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River departed 'before Indus civilisation emergence'

From BBC - November 28, 2017

Further light has been shed on the emergence and demise of one of the earliest urban civilisations.

The Indus society came to prominence in what is now northwest India and Pakistan some 5,300 years ago thanks in large part to the sustenance of a long-lost Himalayan river.

Or so it was thought.

New evidence now indicates this great water course had actually changed its path and disappeared before the Indus people had even settled in the region.

That they lacked the resource offered by a big, actively flowing river will come as a surprise to many; the other early urban societies of the time, in Egypt and Mesopotamia, certainly benefitted in this way.

The new research was led from the Indian Institute of Technology Kanpur and from Imperial College London.

The group's scientists do not disagree that the Bronze Age settlements would have needed a good water supply, but argue that this requirement could have been met instead by seasonal monsoon rains that still collected and ran through the valley abandoned by the old river.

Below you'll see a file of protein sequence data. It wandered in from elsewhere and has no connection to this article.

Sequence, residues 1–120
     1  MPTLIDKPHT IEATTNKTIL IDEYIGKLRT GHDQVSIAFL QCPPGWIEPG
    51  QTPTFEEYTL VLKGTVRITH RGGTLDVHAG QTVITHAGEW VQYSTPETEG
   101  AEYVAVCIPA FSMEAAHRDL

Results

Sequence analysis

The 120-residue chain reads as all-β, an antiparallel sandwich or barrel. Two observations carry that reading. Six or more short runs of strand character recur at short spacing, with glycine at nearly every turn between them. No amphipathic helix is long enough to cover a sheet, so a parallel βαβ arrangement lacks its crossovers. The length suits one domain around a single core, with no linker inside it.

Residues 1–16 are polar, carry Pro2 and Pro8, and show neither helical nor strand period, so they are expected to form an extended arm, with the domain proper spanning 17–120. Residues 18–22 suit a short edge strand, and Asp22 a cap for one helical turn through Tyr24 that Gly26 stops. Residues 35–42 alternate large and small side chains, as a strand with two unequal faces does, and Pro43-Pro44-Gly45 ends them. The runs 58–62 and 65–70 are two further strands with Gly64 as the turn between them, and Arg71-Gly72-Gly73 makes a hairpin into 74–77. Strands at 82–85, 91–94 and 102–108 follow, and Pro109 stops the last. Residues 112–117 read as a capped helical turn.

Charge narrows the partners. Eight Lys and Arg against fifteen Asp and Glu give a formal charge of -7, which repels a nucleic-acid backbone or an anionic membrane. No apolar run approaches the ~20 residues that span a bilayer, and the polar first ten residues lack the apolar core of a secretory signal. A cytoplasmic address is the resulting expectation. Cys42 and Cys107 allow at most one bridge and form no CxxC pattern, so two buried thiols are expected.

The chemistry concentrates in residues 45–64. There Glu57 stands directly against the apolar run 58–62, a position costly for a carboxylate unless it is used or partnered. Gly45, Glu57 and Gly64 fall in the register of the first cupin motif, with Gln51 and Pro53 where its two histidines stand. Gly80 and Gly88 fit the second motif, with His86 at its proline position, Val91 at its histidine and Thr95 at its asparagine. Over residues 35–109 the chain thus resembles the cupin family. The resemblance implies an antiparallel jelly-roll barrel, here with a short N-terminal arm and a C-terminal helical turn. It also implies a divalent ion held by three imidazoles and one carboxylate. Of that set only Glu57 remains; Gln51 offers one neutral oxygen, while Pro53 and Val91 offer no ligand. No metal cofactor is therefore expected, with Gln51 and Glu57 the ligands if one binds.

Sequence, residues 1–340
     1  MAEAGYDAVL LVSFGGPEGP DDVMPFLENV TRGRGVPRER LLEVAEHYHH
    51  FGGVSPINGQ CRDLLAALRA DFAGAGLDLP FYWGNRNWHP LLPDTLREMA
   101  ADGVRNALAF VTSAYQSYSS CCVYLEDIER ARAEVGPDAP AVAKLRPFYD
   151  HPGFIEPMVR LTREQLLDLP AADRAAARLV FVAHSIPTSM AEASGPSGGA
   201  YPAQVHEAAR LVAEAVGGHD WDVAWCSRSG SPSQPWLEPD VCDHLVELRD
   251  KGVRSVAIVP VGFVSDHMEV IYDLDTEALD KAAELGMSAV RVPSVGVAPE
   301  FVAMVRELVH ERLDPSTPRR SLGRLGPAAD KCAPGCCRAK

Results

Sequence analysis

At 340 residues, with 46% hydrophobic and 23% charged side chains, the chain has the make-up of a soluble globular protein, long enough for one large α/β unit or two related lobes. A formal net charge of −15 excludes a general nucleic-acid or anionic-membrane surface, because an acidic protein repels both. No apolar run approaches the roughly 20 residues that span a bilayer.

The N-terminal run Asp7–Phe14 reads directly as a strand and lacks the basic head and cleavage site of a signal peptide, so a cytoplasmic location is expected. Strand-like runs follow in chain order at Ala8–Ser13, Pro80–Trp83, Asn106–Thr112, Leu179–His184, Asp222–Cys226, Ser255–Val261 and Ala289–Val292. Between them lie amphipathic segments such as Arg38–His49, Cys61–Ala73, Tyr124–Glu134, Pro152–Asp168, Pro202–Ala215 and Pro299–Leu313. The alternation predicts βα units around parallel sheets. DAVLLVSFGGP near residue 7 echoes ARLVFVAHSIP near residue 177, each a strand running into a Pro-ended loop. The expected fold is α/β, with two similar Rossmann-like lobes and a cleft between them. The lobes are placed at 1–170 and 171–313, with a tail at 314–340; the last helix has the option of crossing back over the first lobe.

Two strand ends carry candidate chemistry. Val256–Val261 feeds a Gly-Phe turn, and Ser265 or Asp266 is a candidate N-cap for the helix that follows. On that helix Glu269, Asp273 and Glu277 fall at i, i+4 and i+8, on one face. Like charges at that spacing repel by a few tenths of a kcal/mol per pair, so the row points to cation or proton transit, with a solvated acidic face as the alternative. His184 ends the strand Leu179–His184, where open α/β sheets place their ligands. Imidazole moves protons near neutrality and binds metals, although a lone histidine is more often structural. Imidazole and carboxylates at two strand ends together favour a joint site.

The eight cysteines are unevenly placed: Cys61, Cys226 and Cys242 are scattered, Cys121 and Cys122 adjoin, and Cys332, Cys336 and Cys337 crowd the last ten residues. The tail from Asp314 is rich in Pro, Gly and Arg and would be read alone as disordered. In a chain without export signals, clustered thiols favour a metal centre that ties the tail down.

"Our paper clearly demolishes the age-old river-culture hypothesis that assumed that the disappearance of the river triggered the demise of the Harappan civilisation," said IITK's Prof Rajiv Sinha.

"We have argued that while large rivers have important connections with ancient societies, it is their departure that controls their stabilisation rather than their arrival.

"This has clearly been demonstrated by the large difference in age data between the demise of the river (8,000-12,000 years ago) and the peak of mature civilisation (3,000-4,000 years ago)," he told BBC News.

Prof Sinha and colleagues report their findings in this week's Nature Communications journal.

They have examined afresh the course of what is referred to as the Ghaggar-Hakra palaeo-channel, from satellite data and from field investigations.

Much of the archaeology of Indus cities, such as Kalibangan and Banawali, is scattered along this old river course.

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